What is the fear in making art daily, in making art immediate? In decodifying art? Are we afraid it would drain the industry? Afraid it would peel away a layer of bronze? Is there no hope of a patina in an integrated world? Are unique and success wearing the same suit? Once we erase the high-low line, does our incentive to make art fade?
Brakhage raises the question of Liszt. Liszt, the champion of the common man. Serving the common man out of a sense of obligation. The obligation of genius. In an effort to share the music of Beethoven with the peasants and farmers who could not afford the concert hall, he transcribed the "Fifth" for solo piano (a symphony captured in a piano!) and took it to the provinces. A whole symphony, a symphony for the farmer! Liszt believed in the farmer. No doubt the farmer believed in Liszt. And so it goes. And so it goes.
Where the poets go, when they leave the chicken yard? Where do they go? To university. And if they are lucky, they stay, to teach their somedays away. They split their time between Paris and New York, and not in the chicken yards. They read in conference rooms, to other professors, from their latest works. No poet wants this. No poet wants this.
Brakhage explains his reasons for making the poet human, for making the artist, the composer, the filmmaker human, which he does by telling stories, telling their pains and struggles. His reason is not "to bring these voices and this music down to earth, so that you care more about them. But more to inspire some confidence to reach out to one's neighbor, or finally even to one's self. To make it daily some way and not have it removed and lofty as I feel has killed interested in the arts in so many people. Hardest of all is to appreciate or give any expression to or for the people that you really know" (Stan Brakhage, "The Test of Time," 1982).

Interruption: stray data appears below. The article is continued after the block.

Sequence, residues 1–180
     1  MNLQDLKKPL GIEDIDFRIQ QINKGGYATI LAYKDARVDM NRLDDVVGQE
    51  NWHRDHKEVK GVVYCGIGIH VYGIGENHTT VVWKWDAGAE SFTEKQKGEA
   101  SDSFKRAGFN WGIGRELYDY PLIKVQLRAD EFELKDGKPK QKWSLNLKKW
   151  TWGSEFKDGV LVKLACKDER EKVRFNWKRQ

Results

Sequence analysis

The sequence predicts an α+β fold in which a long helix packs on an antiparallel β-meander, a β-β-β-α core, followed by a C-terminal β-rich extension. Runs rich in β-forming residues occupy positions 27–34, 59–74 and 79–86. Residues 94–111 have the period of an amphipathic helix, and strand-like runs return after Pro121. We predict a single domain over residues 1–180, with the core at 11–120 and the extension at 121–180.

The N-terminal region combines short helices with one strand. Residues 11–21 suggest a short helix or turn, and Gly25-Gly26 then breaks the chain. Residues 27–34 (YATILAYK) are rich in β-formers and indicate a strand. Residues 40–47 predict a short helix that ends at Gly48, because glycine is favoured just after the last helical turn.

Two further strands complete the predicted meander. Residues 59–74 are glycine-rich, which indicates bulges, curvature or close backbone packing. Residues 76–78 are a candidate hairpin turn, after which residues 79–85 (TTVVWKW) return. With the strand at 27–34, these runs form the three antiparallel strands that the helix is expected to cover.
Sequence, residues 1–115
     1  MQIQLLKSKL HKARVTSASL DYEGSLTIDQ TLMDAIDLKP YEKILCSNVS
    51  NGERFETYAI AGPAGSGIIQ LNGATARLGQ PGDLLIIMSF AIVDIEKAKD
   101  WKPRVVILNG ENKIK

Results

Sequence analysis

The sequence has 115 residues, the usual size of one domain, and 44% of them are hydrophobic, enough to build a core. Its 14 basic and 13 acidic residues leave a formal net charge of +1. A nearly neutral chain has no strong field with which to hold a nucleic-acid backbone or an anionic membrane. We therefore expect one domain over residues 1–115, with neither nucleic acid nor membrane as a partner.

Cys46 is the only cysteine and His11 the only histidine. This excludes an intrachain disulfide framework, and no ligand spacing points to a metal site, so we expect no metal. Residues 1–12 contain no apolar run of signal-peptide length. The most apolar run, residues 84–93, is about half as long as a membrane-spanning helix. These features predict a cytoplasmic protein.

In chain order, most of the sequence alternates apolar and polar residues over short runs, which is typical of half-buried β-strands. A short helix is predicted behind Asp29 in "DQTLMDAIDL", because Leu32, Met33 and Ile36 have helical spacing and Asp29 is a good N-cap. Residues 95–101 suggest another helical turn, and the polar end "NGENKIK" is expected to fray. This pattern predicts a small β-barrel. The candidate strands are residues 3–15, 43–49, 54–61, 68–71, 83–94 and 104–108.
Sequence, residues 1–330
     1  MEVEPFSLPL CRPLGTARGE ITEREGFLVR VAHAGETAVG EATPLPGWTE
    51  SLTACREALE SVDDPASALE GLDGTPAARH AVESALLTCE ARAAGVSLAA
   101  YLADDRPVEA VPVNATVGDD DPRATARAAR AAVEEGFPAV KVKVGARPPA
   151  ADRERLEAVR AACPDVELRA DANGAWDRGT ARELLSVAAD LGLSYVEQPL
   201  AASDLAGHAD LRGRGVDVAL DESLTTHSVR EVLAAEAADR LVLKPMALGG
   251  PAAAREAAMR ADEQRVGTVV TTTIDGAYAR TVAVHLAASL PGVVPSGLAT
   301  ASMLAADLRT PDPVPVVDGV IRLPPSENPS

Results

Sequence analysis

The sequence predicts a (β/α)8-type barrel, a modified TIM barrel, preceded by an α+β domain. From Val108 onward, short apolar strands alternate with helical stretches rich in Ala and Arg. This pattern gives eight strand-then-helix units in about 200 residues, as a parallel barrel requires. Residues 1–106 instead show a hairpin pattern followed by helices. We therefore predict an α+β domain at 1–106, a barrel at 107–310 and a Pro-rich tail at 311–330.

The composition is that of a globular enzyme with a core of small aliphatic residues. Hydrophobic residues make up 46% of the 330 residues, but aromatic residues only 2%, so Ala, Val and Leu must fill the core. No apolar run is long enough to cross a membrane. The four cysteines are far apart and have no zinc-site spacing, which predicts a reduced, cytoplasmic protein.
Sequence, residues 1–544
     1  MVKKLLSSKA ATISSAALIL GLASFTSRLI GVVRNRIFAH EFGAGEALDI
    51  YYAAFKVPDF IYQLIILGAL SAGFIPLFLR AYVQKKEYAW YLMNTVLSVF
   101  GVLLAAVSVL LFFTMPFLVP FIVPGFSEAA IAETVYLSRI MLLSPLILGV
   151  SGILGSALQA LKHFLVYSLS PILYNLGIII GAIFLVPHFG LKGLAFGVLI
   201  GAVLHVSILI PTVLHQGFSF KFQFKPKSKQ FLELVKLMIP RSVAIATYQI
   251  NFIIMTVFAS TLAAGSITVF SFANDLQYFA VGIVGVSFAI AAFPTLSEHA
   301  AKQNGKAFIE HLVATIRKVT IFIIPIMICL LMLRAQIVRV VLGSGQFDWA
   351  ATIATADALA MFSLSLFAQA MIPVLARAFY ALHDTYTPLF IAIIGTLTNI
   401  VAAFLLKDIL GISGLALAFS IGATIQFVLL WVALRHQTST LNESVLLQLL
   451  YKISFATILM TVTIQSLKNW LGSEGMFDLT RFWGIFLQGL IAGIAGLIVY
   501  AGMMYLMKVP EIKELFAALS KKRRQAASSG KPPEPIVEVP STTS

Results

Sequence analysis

Nostalgia is more than just making the poet visible and present, it's about making the poet human, live and contemporary. Bringing the poet back into context. Tying her into the community.
An idea, brought up early in the project, to bring out the poets, en masse, to collect 10 or 20 poets and have them out by the lake on a Sunday, each at their own desk, contributing in their own way to the understanding of the poet and the modern experience, this instigation, too, must happen.
10:51a.m. – The chimes, the bells, church. The robes, brown, tied round with rope. The bowls of bullion, the slippers, the dangling knots, the leather, the worn books, the previous thumbs.